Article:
Hopkins v. Kansas Teachers Community Credit Union, No. 3:2008cv05052 - Document 151 (W.D. Mo. 2010)

Court Description: ORDER granting in part and denying in part 57 motion to certify class Signed on 2/18/10 by District Judge Gary A. Fenner. (Mitchell, Lisa)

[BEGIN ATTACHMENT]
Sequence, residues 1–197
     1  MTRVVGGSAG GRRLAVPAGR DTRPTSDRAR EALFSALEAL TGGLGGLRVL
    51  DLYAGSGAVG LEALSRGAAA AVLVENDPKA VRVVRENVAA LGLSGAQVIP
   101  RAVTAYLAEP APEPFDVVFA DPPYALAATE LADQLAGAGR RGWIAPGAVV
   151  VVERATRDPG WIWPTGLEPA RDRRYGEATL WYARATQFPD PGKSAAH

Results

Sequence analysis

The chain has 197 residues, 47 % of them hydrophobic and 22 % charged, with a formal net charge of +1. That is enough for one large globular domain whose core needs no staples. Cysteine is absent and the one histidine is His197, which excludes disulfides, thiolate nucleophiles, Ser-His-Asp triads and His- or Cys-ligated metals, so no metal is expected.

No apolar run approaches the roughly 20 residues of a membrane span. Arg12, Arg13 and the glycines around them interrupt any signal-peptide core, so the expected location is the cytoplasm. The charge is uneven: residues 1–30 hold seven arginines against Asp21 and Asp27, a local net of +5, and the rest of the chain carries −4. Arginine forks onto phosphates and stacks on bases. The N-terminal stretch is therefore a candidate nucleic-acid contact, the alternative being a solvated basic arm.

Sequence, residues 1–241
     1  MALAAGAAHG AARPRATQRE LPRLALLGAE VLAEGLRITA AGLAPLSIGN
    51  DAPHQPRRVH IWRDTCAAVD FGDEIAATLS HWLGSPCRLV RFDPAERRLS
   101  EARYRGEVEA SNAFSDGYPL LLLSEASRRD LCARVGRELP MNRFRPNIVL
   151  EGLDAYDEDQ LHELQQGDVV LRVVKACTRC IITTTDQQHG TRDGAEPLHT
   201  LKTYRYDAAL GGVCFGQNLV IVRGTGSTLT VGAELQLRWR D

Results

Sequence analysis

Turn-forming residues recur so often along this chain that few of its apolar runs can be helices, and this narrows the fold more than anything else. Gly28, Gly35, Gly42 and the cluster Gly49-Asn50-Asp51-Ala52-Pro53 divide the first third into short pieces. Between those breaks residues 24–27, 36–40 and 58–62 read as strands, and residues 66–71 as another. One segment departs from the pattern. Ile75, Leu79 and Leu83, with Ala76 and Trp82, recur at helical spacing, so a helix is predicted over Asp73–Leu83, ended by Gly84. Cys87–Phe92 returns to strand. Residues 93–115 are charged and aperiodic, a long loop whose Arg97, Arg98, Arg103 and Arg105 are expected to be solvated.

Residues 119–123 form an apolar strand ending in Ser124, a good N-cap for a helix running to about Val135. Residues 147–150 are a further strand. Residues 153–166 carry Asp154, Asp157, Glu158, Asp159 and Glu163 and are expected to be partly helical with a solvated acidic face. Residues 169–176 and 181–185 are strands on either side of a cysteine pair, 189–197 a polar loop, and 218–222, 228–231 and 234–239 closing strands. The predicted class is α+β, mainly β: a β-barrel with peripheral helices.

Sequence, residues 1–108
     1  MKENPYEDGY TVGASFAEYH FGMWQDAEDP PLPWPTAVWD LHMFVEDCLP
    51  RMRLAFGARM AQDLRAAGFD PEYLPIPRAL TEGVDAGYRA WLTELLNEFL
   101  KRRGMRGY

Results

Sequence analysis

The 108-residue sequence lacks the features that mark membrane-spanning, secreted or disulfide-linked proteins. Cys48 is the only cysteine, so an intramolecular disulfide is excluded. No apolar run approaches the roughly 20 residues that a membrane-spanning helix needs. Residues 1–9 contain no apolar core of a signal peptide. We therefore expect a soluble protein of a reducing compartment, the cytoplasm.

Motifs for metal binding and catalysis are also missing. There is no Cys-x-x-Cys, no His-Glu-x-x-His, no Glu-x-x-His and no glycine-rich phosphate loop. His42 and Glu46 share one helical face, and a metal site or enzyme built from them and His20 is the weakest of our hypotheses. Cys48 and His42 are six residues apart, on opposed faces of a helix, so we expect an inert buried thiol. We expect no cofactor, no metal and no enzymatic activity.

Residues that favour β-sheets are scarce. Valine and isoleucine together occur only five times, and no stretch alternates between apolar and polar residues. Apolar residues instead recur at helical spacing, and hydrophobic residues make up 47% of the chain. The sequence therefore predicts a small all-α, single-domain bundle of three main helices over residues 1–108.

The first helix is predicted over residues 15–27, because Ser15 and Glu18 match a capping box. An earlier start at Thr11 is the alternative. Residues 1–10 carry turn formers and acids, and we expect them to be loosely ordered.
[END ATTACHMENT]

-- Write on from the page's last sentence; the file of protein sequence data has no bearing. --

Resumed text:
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Hopkins v. Kansas Teachers Community Credit Union Doc. 151 IN THE UNITED STATES DISTRICT COURT FOR THE WESTERN DISTRICT OF MISSOURI SOUTHWESTERN DIVISION CECIL E. HOPKINS, individually and on behalf of a class of all others similarly situated, ) ) ) ) Plaintiff, ) ) vs. ) ) KANSAS TEACHERS COMMUNITY ) CREDIT UNION, ) ) Defendant/Third Party Plaintiff, ) ) vs. ) ) MARATHON ROTHSCHILD CREDIT ) UNION, et al., ) ) Third Party Defendants. ) Case No. 08-05052-CV-SW-GAF ORDER Presently before the Court is Plaintiff Cecil E. Hopkins’s (individually “Hopkins”), individually and on behalf of a class of all others similarly situated (collectively “Plaintiffs” or “class members”), Motion for Class Certification, filed pursuant to Fed. R. Civ. P. 23(b)(3). (Doc. #57). Defendant Kansas Teachers Community Credit Union (“Defendant”) opposes the Motion. (Doc. #93). For the reasons set forth below, Hopkins’s Motion for Certification is GRANTED in part and DENIED in part. DISCUSSION I. FACTS This proposed class action lawsuit is brought by persons who obtained motor vehicle loans from motor vehicle dealers, which were subsequently sold or assigned to Defendant as the secured Dockets.Justia.com party or lienholder pursuant to a “Portfolio Management Program” (“PMP”) administered by Centrix Financial, LLC (“Centrix”).1 Hopkins, a Missouri resident, is the proposed class representative. Hopkins asserts all claims arise under Missouri law and stem from Defendant’s alleged failure to comply with Missouri consumer protection laws when repossessing Plaintiffs’ motor vehicles. Hopkins financed the purchase of a motor vehicle. The financing was obtained through the use of a retail installment contract and security agreement originated by Centrix. Centrix then sold or assigned its rights under the installment contract and security agreement to Defendant pursuant to the PMP. Pursuant to the PMP and a standard loan placement agreement, Centrix acted as Defendant’s exclusive agent for originating such consumer loans from dealers, which, in turn, would then be sold or assigned to Defendant upon consummation of the underlying sale of the motor vehicles. Centrix, however, continued to act as the servicer of the loans. Hopkins asserts Defendant retained a security interest and lien on all motor vehicles purchased by Plaintiffs, which represented a security interest in consumer goods. Hopkins alleges Centrix acted very aggressively when servicing loans for its credit union principals, such as Defendant, because of the high-risk, subprime nature of the motor vehicle loans. On or about July 30, 2004, Defendant, through its alleged agent, Centrix, caused Hopkins’s motor vehicle to be repossessed. Defendant later obtained a repossession title from the Missouri Department of Revenue transferring ownership of Hopkins’s motor vehicle to it. Around the same time, Centrix sent Hopkins a computer generated pre-sale notice governed by the provisions of 1 Unless otherwise noted, facts are taken from Hopkins’s First Amended Class Action Petition for Damages. (Doc. #9-1). 2 Missouri’s Commercial Code, Mo. Rev. Stat. § 400.1-101, et seq. (the “MoUCC”), and consumer protection laws. Hopkins alleges this notice was defective under the MoUCC because: A) B) C) D) E) F) G) H) the notice did not identify or describe the secured party, as required by Mo. Rev. Stat. §§ 400.9-613(1)(A) and 400.9-614(1)(A); the notice misrepresented the secured party as Centrix, rather than Defendant, contrary to the requirements of Mo. Rev. Stat. §§ 40.9-619(1)(A) and 400.9614(1)(A); the notice did not state the intended method of disposition of the collateral, as required by Mo. Rev. Stat. §§ 400.613(1)(C) and 400.9-614(1)(A); the notice failed to inform Hopkins that he was entitled to an accounting of the unpaid indebtedness, as required by Mo. Rev. Stat. §§ 400.9-613(1)(D) and 400.9614(1)(A); the notice did not state the intended time and place of a public disposition of the collateral or the intended time after which any other disposition was to be made, as required by Mo. Rev. Stat. §§ 400.9-613(1)(E) and 400.9-614(1)(A); the notice did not provide a phone number where Hopkins could inquire to determine the redemption amount, as required by Mo. Rev. Stat. § 400.9-614(1)(C); the notice contained content not allowed or authorized by Missouri law, which rendered the notices misleading and/or unreasonable; and the notices did not advise Hopkins of a telephone number or mailing address that he could use to receive additional information concerning the disposition and the obligation secured, as required by Mo. Rev. Stat. § 400.9-614(1)(D). Hopkins further alleges Defendant failed to disclose to Plaintiffs certain fees included in their loan agreements for premiums for default protection and other insurance policies on the loans. In addition to Hopkins’s claims under the MoUCC, Hopkins has asserted claims arising under the Missouri Merchandising Practices Act (“MMPA”), Mo. Rev. Stat. § 407.010, et seq., alleging Defendant and Centrix engaged in unfair practices relating to Plaintiffs’ loans, and common law tort claims for conversion of Plaintiffs’ motor vehicles. Hopkins claims damages in excess of ten-thousand-dollars ($10,000). Hopkins now seeks to certify the following defined class of Plaintiffs: All persons who 1) obtained a motor vehicle loan or financing from Defendant in conjunction with the PMP administered by Centrix; 3 2) obtained a Missouri Certificate of Title for that motor vehicle identifying Defendant as the lienholder; and 3) (Doc. #57). had said motor vehicle repossessed.2 Hopkins suggests that one-hundred-forty (140) individuals fall within the aforementioned class definition under ninety-eight (98) loans sold or assigned to Defendants. (Doc. #130, p. 3). Defendant has lodged numerous objections to Hopkins’s proposed certification. (Doc. #93). II. LEGAL STANDARD A claimant may sue on behalf of a class only if he meets the four threshold requirements of Fed. R. Civ. P. 23(a) and at least one of the requirements of Rule 23(b). Fed. R. Civ. P. 23; In re Aquila ERISA Litig., 237 F.R.D. 202, 207 (W.D. Mo. 2006). The claimant has the burden of proving that his case is appropriate for class certification under Rule 23. See Blades v. Monsanto, 400 F.3d 562, 569 (8th Cir. 2005). The requirements of Rule 23(a) are as follows: 1. the class is so numerous that joinder of all members is impracticable; 2. there are questions of law or fact common to the class; 3. the claims or defenses of the representative parties are typical of the claims or defenses of the class; and 4. the representative parties will fairly and adequately protect the interest of the class. 2 In his Motion for Class Certification, Hopkins amended his original suggested class definition, as stated in Hopkins’s First Amended Class Action Petition for Damages (Doc. #9-1). The Court will not discuss Hopkins’s previous class definition further. 4 Hopkins seeks certification under Rule 23(b)(3). As such, Hopkins must demonstrate that: (1) questions of law or fact common to class members predominate over any questions affecting only individual members, and (2) a class action is superior to other available methods of adjudication. In evaluating Rule 23(b)(3)’s requirement that common issues predominate over individual issues, the Court conducts a preliminary inquiry into the facts and determines whether, if Hopkins’s general allegations are true, common evidence could suffice to make out a prima facie case for the class. See Blades, 400 F.3d at 566. While a plaintiff has the burden of demonstrating the appropriateness of class certification, doubt that the requirements are met should be resolved in favor of certification. Aquila, 237 F.R.D at 207; Esplin v. Hirschi, 402 F.2d 94 (10th Cir. 1968). Should the need arise, a court is free to modify a certification, which is conditional in nature. Fed. R. Civ. P. 23(c)(1)(C); see also Daigle v. Shell Oil Co., 133 F.R.D. 600, 602 (D. Colo. 1990). III. ANALYSIS A. RULE 23(a)(1): NUMEROSITY Rule 23(a)(1) requires that the class be so numerous that joinder of all members would be impractical. Here, this requirement is met. The proposed class consists of approximately onehundred-forty (140) class members, which is a sufficiently numerous class. See Bradford v. AGCO Corp., 187 F.R.D. 600, 604 (W.D. Mo. 1999) (reasoning a class of twenty (20) to sixty-five (65) members is numerous). Defendant counters, arguing that the one-hundred-forty (140) Plaintiffs in this case must be subdivided into three different classes due to Centrix’s use of three different versions of pre-sale notices and that each version requires its own factual determination. Thus, factual questions are not 5 common to the entire class. See Section III(B), infra. Defendant further asserts that if Plaintiffs are so divided, the numerosity requirement can not be met for each of the three subdivisions. This argument fails, however, because under MoUCC § 400.9-613, whether the content and form of the various pre-sale notices, which arise from consumer-goods transactions, are deficient under the MoUCC is a question of law. See MoUCC § 400.9-613 cmt. 2 (“A notification that lacks any of the information set forth in paragraph (1) is insufficient as a matter of law.”). Thus, at an appropriate time, the Court may determine whether each version of the pre-sale notice was deficient under the MoUCC as a matter of law. B. RULE 23(a)(2): COMMONALITY Under Rule 23(a)(2), there must be questions of law or fact common to the class. This commonality threshold is not that high, and “does not require that every question be common to the class, but merely that one or more significant questions of law or fact are common to the class.” TBK Partners v. Chomeau, 104 F.R.D 127, 130 (E.D. Mo. 1985). The requirement is generally met if the class members’ claims “derive from a ‘common nucleus of operative facts.’” Id. (citing Cohen v. Uniroyal, Inc., 77 F.R.D. 685, 690 (E.D. Pa. 1977)). The commonality requirement under Rule 23(a)(2) is satisfied in this case. Here, the basic common question is whether Defendant’s notices complied with the notice requirements of the MoUCC. There are other common questions, but this lone example suffices to met the commonality requirement. C. RULE 23(a)(3): TYPICALITY Rule 23(a)(3) requires the claims or defenses of the representative parties be typical of the claims or defenses of the class. Under Rule 23(a)(3), “typicality” means “that there are ‘other 6 members of the class who have the same or similar grievances as the plaintiff.’” Alpern v. UtiliCorp United, Inc., 84 F.3d 1525, 1540 (8th Cir. 1996) (citing Donaldson v. Pillsbury Co., 554 F.2d 825, 830 (8th Cir. 1977)). This requirement is “fairly easily met so long as other class members have claims similar to the named plaintiff.” Id. (quotations and citation omitted). In this case, all Plaintiffs share many of the same grievances. All Plaintiffs claim harm resulting from Defendant’s allegedly deficient pre-sale notices and allegedly improper sales thereafter. All class members’ claims, while not wholly identical, are similar to Hopkins’s. Thus, the typicality requirement of Rule 23(a)(3) is met. D. RULE 23(a)(4): ADEQUACY OF REPRESENTATIVE The final requirement under Rule 23(a) is that the representative parties will fairly and adequately protect the interests of the class. Under Rule 23(a)(4), “the interests of the class representative must coincide with those of the rest of the class and the class representative and his attorney must be prepared to prosecute the action vigorously, tenaciously and with adequate financial commitment.” Gilbert v. First Alert, Inc., 904 F. Supp. 714, 719 (N.D. Ill. 1995) (quotations and citations omitted). In this case, Hopkins’s interests coincide with those of all other class members. Hopkins and all other class members have an interest in determining the adequacy of the pre-sale notices that they received from Defendant and any harm that may have resulted if such notices are proved deficient under the MoUCC. Further, nothing demonstrates Hopkins and his attorney will have difficulty prosecuting the action in a proper manner. The Court finds Hopkins’s proposed Class Counsel, attorneys with the law firm Walters, Bender, Strohbehn & Vaughan, P.C., have sufficient experience representing plaintiffs in class action litigations and will properly represent Hopkins and the class 7 members in this action. Defendant argues that Hopkins’s rather checkered past should disqualify him from being the designated class representative.3 While the Court realizes that a class representative has a fiduciary duty to protect all other class members’ interests, nothing suggests Hopkins will act in a manner contrary to the class members’ interests or otherwise fail to adequately prosecute this case.4 Thus, the adequacy requirement of Rule 23(a)(4) is met. E. RULE 23(b)(3) As mentioned above, Rule 23(b)(3) requires Hopkins to demonstrate two things: (1) questions of law or fact common to class members predominate over any questions affecting only individual members, and (2) a class action is superior to other available methods of adjudication. These two requirements will be separately discussed below. i. Predominance While commonality under Rule 23(a)(2) and predominance under Rule 23(b)(3) are intertwined, the Rule 23(a)(2) prerequisite merely requires that common questions of law or fact exist among the members of the class; Rule 23(b)(3) requires that common questions predominate over individual questions. See Smith v. Brown & Williamson Tobacco Corp., 174 F.R.D. 90, 94 (W.D. Mo. 1997). Thus, simply showing that common questions of law or fact exist under Rule 23(a)(2) is insufficient to satisfy Rule 23(b)(3)’s predominance requirement. See id. As stated above, to determine whether the more stringent requirement of predominance is met, a court must inquire into the nature of the evidence required to prove the case. Blades, 400 3 This point need not be expounded upon. 4 Of course, should it appear Hopkins has become derelict in undertaking his duties, the Court maintains the right to modify this finding, Fed. R. Civ. P. 23(c)(1)(C), and will do so. 8 F.3d at 566. If, to make a prima facie showing on a given question, the members of a proposed class must present evidence that varies from member to member, then it is an individual question for purposes of Rule 23(b)(3); if the same evidence will suffice for each member to make a prima facie showing, then it becomes a common question. Id. Accordingly, just because the legal issues or underlying theories of recovery involved may be common to all class members does not mean that the proof required to establish these same issues is sufficiently similar to warrant class certification. See id. Therefore, “[i]n order to effectively make the Rule 23(b)(3) inquiry, it is necessary for a court to consider what will have to be proved at trial and whether those matters can be presented by common proof or whether individual proof will be required.”5 7AA Wright, Miller & Kane, Federal Practice and Procedure: Civil 3d § 1985 (3d ed. 2005). In this case, Hopkins has pled three separate causes of action. Each cause of action, as it relates to Rule 23(b)(3)’s predominance requirement shall be separately discussed below. a. Claims Under the MoUCC All of Plaintiffs’ claims under the MoUCC raise the same legal question: Do the pre-sale notices Defendant sent to Plaintiffs fall short of the MoUCC requirements.6 As stated above, this 5 However, in conducting a Rule 23(b)(3) analysis, a court may not inquire into whether there is a substantial possibility that the class would prevail on the merits. Mersay v. First Republic Corp. of Am., 43 F.R.D. 465 (D.C.N.Y. 1968). Thus, the Court will not evaluate whether Hopkins most likely will or will not be able to prove his case; rather the Court evaluates the nature of the evidence Hopkins and Plaintiffs must present to prove their case. 6 Defendant contends that before this question may be resolved it will be necessary to have “mini-trials” to determine which state’s laws will apply to each individual proposed class member. Defendant claims that in addition to the application of the MoUCC, the Kansas, Arkansas, and Oklahoma Uniform Commercial Codes might also apply to some Plaintiffs’ claims due to choice of law provisions or the location of the motor vehicle sale. This argument fails, however. First, it appears that the MoUCC will apply to the vast majority, if not all, of the Plaintiffs’ Uniform Commercial Code claims. Second, there is little or no difference between 9 is a legal question. See MoUCC § 400.9-613 cmt. 2. To prove this claim, Hopkins must enter evidence of the pre-sale notice that he received, which the Court may use to determine whether the notice complies with the MoUCC. While it is clear not all Plaintiffs received the exact same presale notice Hopkins received, all Plaintiffs will rely on the same basic evidence to prove their case (i.e., whatever version of pre-sale notice they might of received). Resolution of the issue of whether the pre-sale notices were deficient will resolve all class members’ claims. Common questions of law and fact do predominate the claims under the MoUCC. There are naturally some individualized issues that apply to various class members, such as a given Plaintiff’s damages calculation, but such issues are not central to Plaintiffs’ claims and do not undermine the predominance requirement. Rule 23(b)(3) does not require every issue be common among all Plaintiffs; rather, it only requires that material, substantial issues predominate over individual issues. b. Claims Under the MMPA Common questions of law and fact predominate Plaintiffs’ claims under the MMPA. Each class member may attempt to prove Defendant engaged in an unfair practice in violation of the MMPA through use of the following common evidence: (1) the documents and other evidence demonstrating the relationship between Defendant and Centrix, including the PMP; (2) industry practice among lenders and loan servicers; (3) that they entered into an agreement, similar in nature to all other Plaintiffs and evidenced by standardized Retail Installment Contracts and Security Agreements, for the purchase of a motor vehicle that was eventually used as security for a loan held the Uniform Commercial Codes of the previously mentioned states. Any slight differences may be addressed throughout the course of the litigation. At this juncture, the Court declines determining the choice of law issues, which may be more properly resolved in a motion for summary judgment. 10 by Defendant as a secured party; (4) the pre-sale notice he or she received; and (5) any lien records.7 Again, the largest individualized question this claim presents is the determination of a given class member’s individual damages if liability is established. Such individualized issues do not undermine the predominance requirement. c. Claims Under Common Law for the Tort of Conversion The issue of conversion in this case presents some difficulty. The common law tort of conversion is defined as “an intentional exercise of dominion or control over a chattel which so seriously interferes with the right of another to control it that the actor may justly be required to pay the other the full value of the chattel.” Restatement (Second) of Torts § 222A (2009). Under this definition, conversion, if any, occurred at the time Defendant intentionally exercised dominion or control over Plaintiffs’ vehicles. This implies that conversion occurred where and when Defendant originally repossessed Plaintiffs’ vehicles.8 The facts indicate that some of Plaintiffs’ vehicles where repossessed in states other than Missouri, including Kansas and Oklahoma. Missouri has a ten (10) year statute of limitations for conversion of personal property. See Mo. Rev. Stat. §§ 537.010, 516.110. Both Kansas and Oklahoma maintain a two (2) year statute of limitation for such actions. See Kan. Stat. Ann. § 60513(a)(2) & Okla. Stat. tit. 12 § 95(3). Missouri law deems statute of limitations as procedural in nature; thus, a federal court sitting in diversity within the State of Missouri is generally required to apply Missouri’s statute of limitations to claims brought before it. See Rademeyer v. Farris, 284 7 This list is not meant to be exhaustive or exclusive. 8 Whether Defendant has an absolute defense to such claims based on its security interest or agreement(s) with various Plaintiffs is a separate issue that need not be resolve here. 11 F.3d 833, 836 (8th Cir. 2002). However, Mo. Rev. Stat. § 516.190, Missouri’s borrowing statute, requires the application of another state’s limitations period if the cause of action originated in the other state and is barred by that state’s statute of limitations. Thus, in this case, it would be necessary to individually determine in which state each class members’s vehicle was repossessed to determine the applicable law. It would then be necessary to look at the time when each repossession occurred to determine whether the statute applicable to a particular class member bars recovery for conversion. Based on the above, these individualized questions would predominate the claims for conversion. Therefore, Hopkins’s common law tort claim for conversion fails to satisfy Rule 23(b)(3)’s predominance requirement and will not be certified. ii. Superiority of a Class Action The last requirement for class certification is that the class action must be “superior to other available methods for fairly and efficiently adjudicating the controversy.” Rule 23(b)(3). Rule 23(b)(3) reveals that the following four (4) things are pertinent to determining whether a class action is a superior method of adjudication: (1) the class members’ interest in individual control of case prosecution or defense; (2) the extent and nature of any litigation a class member may have already begun; (3) the desirability, or lack thereof, of concentrating the litigation of the claims in this forum; and (4) the potential difficulties in managing the class action. The factors above all favor class certification of the remaining claims. Recoveries in this case, while not trivial given Hopkins’s claim for damages in excess of ten-thousand-dollar 12 ($10,000)9, might be considered by some attorneys to be of such a small size that prosecution of the case would be cost prohibitive if Plaintiffs were forced to litigate the remaining claims separately. In addition, if each of the one-hundred-forty (140) class members were forced to bring an individualized suit, such suits would unnecessarily burden judicial resources and would create the risk of multiple inconsistent results for similarly situated parties. See In re Potash Antitrust Litig., 159 F.R.D. 682, 699 (D. Minn. 1995). Further, no evidence has been submitted that demonstrates proposed class members have already begun to individually litigate claims against Defendant. Concentrating the litigation of Plaintiffs’ claims in this forum is also desirable and logical given the findings above indicating the predominance of common questions of law and fact between all Plaintiffs’ claims. See id. Lastly, while this case may prove complex, the Court is satisfied that the Court’s management methods, combined with counsel’s professional cooperation, will make this case reasonably manageable. See id. CONCLUSION As demonstrated above, all of Rule 23's requirements for class certification are met for Hopkins’s claims under the MoUCC and the MMPA. Therefore, the Court GRANTS Hopkins’s Motion for Class Certification on those claims and certifies those claims to proceed under Rule 23(b)(3) as described below. However, regarding Hopkins’s request to certify claims for conversion, the Court DENIES Hopkins’s Motion for Class Certification for claims under the common law tort of conversion. For the reasons stated above, it is 9 Class members’ damages in the event of an award might vary greatly from Hopkins’s claimed damages depending on the purchase price of the motor vehicle a particular class member purchased and the financing fees and/or other fees paid, if any. 13 ORDERED that Hopkins’s claims, as stated in his First Amended Class Action Petition for Damages, under the MoUCC and MMPA are certified to proceed under Rule 23(b)(3) with respect to the following class: All persons who 1) obtained a motor vehicle loan or financing from Defendant in conjunction with the PMP administered by Centrix; 2) obtained a Missouri Certificate of Title for that motor vehicle identifying Defendant as the lienholder; and 3) had said motor vehicle repossessed. IT IS FURTHER ORDERED that the parties, within twenty (20) days of entry of this Order, shall submit a proposed notice to the class. Both parties must agree on the form of the notice. Once the parties have determined the form of the notice and the Court has approved of that notice, Hopkins, as requested, shall be allowed to direct mail notices to each proposed class member using their last known address, and addresses updated by Class Counsel using third-party services. FINALLY, IT IS ORDERED that R. Frederick Walters, J. Michael Vaughan, Kip D. Richards, and Garrett M. Hodes of the law firm of Walters Bender Strohbehn & Vaughan, P.C. are hereby appointed as Class Counsel. s/ Gary A. Fenner Gary A. Fenner, Judge United States District Court DATED: February 18, 2010 14